The Impact of Sociocultural Knowledge in Immigrants’ Acquisition and Use of Catalan
Author: Monica Malamud (Cañada College, America)
Speaker: Monica Malamud
Topic: Applied Sociolinguistics
The (SCOPUS / ISI) SOAS GLOCAL COMELA 2020 General Session
In 2018, 18.2% of the population of Catalonia was foreign-born. According to the last survey on the use of Catalan(1), around 11% of the population has a native language other than Spanish or Catalan. However, only 4.4% of the population does not use those languages regularly. Although Catalan is the native language of 31.5% of the population, it is regularly used by 36.1% of the population. But surveys on the use of Catalan only measure the use of the language in different spheres of life and present the data based on demographics.
In this paper I explore the questions of why the courses offered by the Consorci per a la Normalització Lingüística (CPNL)(2) are successful at teaching Catalan, and, more importantly, how they succeed at getting learners to actually use the language. To this end, I enrolled in the three courses that correspond to the Basic Level; after completion of these courses and an exam, students are certified as having accomplished Level A2 of the Common European Framework of Reference for Languages. For courses offered in 2018, 72.4% of the students were born outside of Spain. While living in Barcelona for several months in 2018-2019, I experienced the CPNL approach to language learning myself, examined the teaching materials, and interacted with other students in order to understand how these courses resulted in their actual use of Catalan.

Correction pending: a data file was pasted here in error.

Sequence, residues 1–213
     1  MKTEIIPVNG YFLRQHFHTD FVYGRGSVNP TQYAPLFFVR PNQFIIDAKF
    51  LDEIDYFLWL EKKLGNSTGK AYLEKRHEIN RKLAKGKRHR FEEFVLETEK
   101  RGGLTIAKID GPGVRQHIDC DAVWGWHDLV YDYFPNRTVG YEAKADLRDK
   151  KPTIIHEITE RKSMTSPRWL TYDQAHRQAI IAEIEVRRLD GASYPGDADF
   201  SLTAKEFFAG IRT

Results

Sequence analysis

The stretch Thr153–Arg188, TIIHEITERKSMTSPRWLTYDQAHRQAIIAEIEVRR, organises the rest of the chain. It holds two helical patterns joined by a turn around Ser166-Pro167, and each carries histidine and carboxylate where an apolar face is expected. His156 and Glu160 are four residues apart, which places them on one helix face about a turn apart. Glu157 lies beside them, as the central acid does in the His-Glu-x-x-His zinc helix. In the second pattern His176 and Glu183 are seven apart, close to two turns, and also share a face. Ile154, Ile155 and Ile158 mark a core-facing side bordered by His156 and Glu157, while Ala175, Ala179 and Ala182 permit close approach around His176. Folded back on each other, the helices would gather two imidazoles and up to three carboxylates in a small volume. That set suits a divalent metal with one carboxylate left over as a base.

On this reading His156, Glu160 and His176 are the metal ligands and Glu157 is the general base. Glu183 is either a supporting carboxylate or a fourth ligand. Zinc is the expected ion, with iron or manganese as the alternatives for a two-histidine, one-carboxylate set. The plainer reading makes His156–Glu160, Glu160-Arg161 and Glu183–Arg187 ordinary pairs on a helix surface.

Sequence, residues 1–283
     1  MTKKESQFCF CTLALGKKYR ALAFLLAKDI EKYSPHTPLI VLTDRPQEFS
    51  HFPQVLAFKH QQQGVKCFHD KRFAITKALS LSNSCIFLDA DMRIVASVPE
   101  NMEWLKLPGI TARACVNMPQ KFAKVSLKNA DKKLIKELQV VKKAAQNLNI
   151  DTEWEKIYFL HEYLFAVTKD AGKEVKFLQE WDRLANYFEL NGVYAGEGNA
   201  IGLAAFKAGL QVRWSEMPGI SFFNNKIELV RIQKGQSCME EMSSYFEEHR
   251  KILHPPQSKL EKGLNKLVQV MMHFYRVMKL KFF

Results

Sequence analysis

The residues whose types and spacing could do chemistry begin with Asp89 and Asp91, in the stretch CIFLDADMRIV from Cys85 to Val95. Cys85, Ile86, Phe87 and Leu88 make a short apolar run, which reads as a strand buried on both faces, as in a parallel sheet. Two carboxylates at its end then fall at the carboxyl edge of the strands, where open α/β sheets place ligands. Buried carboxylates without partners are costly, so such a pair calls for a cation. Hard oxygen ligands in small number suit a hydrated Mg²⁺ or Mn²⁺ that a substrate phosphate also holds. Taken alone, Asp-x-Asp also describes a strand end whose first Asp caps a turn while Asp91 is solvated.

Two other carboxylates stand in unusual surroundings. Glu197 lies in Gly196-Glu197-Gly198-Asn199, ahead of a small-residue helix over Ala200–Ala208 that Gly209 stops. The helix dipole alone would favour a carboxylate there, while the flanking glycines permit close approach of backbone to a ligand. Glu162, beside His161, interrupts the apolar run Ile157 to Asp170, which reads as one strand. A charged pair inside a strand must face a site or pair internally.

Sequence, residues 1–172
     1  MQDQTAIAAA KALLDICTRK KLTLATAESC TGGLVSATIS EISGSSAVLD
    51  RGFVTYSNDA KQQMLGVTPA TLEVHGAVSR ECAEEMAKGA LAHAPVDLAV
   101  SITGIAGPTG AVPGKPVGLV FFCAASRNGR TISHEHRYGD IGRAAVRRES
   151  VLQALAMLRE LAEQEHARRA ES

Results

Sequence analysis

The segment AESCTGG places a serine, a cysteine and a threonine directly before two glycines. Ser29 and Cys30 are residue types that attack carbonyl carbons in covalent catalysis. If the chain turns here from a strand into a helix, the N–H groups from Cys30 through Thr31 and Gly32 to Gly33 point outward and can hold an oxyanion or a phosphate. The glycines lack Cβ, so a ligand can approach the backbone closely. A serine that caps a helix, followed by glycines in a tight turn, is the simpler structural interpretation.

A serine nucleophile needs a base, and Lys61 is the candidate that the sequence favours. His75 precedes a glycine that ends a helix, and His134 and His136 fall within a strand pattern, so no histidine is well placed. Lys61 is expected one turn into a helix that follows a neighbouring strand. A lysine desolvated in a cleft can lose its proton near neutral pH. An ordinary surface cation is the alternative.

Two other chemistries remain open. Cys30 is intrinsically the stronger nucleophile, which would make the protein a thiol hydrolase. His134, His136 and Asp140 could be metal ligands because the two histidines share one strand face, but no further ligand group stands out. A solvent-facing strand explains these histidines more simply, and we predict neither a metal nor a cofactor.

The goals of the courses go beyond linguistic competence. Even more important is to introduce the learner to the new cultural environment. Course materials and activities are designed to familiarize students with sociocultural knowledge that allows them to navigate everyday life with ease, by promoting the use of newly-acquired language skills in tasks that newcomers must undertake, such as using public transportation, finding an apartment, interviewing for a job, interacting with public officials, obtaining health services, etc. Local traditions, festivals and celebrations are prominent too, and the learner’s own culture is acknowledged and welcomed, with the goal of promoting a positive attitude towards the cultural diversity that exists in Catalonia today.
The experiences of students in CPNL courses, including my own, strongly suggest that the sociocultural content of these courses, which is central to the curriculum, has a direct impact on the use Catalan by immigrants in Catalonia.